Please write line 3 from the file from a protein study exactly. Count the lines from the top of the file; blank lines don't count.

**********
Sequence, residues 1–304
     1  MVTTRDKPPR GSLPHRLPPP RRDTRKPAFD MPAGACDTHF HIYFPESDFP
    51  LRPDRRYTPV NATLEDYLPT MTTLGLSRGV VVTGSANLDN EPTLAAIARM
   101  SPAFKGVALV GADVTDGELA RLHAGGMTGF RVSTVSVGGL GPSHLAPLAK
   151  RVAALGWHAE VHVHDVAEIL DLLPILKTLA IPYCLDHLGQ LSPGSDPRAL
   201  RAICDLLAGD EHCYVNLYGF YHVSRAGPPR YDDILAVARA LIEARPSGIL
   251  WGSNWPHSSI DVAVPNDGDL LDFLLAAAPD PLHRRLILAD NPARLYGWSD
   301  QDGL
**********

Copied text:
    51  LRPDRRYTPV NATLEDYLPT MTTLGLSRGV VVTGSANLDN EPTLAAIARM